Andrew Laffoon, Mixbook

8. Linda Kong - November 26, 2007

Jeremy, you’re so right about the convergence of the Offline and Online worlds. Despite the popularity of Social Networking Sites, humans still need to see each other offline in order to develop any sort of trust, attraction or friendship with one another. In fact, doing any business in countries such as China still requires face-to-face contact to close any kind of deal. Online is a great lead generator for singles, recruiters and salespeople. However, an offline meeting still closes the deal.

ORIENTED.COM is one such professional networking site that grew its “elite” professional membership base by organizing worldwide happy hour events that organically grew to 30,000 members (good people know good people). Now, it’s looking to expand its online features in order to provide more value for its members to keep in touch and share information with one another. In other words, it focused on its offline activities first and then online features second. The result is a richer membership database of highly educated, highly traveled, well connected international professionals interested in China businesses and partnerships. Our members are highly sought after by recruiters, high-end retailers, airline companies, community organizations…etc.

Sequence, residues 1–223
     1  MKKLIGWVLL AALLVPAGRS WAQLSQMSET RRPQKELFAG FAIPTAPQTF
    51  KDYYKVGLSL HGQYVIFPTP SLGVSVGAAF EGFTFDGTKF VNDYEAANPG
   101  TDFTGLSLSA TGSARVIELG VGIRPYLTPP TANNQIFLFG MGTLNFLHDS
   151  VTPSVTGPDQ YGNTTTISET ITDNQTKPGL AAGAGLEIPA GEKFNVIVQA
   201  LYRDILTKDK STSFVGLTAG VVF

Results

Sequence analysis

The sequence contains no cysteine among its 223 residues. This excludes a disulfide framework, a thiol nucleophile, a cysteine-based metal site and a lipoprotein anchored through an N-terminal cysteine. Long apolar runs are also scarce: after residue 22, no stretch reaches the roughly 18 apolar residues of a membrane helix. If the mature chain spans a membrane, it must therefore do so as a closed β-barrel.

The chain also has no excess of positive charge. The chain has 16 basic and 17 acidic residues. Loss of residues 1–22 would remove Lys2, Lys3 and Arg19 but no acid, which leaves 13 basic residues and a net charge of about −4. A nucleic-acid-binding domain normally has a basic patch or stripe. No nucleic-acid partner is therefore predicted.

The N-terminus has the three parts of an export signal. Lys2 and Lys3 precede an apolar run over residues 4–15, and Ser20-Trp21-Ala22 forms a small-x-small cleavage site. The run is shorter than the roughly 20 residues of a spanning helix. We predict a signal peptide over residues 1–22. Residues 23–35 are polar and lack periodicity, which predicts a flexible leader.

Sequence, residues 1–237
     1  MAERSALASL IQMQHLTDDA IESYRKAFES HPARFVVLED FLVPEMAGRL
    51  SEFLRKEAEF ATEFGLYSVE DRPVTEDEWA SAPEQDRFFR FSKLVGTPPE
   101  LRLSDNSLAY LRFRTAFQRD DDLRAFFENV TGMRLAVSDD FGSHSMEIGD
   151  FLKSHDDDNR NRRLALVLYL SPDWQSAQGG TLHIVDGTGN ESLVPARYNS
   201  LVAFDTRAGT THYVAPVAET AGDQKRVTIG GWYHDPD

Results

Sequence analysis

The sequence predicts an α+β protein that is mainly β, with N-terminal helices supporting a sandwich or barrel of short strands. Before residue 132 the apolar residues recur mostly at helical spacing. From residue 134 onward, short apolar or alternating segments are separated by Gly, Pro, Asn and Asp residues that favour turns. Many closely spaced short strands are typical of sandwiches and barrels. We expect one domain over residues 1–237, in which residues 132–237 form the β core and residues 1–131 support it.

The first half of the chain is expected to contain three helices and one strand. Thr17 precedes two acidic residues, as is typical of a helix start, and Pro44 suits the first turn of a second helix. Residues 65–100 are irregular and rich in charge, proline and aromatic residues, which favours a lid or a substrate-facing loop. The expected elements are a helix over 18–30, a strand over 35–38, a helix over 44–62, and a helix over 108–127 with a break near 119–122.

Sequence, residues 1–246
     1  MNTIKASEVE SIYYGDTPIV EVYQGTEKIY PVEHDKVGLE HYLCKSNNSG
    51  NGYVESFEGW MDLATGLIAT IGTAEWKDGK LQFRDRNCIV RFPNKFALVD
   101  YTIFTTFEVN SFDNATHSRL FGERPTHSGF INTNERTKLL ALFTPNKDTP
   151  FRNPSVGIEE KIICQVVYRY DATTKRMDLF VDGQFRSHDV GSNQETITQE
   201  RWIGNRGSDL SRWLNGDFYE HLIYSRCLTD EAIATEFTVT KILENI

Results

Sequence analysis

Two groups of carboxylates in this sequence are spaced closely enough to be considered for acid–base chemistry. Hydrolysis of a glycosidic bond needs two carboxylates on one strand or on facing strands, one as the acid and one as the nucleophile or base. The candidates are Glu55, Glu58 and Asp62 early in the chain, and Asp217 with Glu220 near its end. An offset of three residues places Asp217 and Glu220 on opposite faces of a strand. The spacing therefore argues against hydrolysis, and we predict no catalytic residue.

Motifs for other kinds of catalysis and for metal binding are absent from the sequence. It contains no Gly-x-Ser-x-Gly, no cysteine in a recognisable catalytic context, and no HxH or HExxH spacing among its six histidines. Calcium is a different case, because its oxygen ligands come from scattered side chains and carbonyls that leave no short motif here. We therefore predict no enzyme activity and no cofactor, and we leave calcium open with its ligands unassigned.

The ORIENTED.COM website is customizable at a local, regional and global level – which helps many multinational companies and organizations get their message/ads out to the right groups at the right time and at the right locations.

9. Isabel - March 30, 2008

Hi Jeremy-

I am looking into a non profit, web-based approach to promoting kids fitness. There will be several opportunities for online/offline interaction.

Any chance I could speak with you directly to run some thoughts by you?

10. Derek Elley - November 10, 2008

By now you may have heard of http://www.ponoko.com – the new way to design, make and distribute new goods worldwide.

11. The Secrets of Online Customization: 101 Tips and resources | CustomizedGirl Blog - September 8, 2010

[…] Online-Offline: A helpful article about how online customization businesses can strengthen themselves by developing offline business partners. […]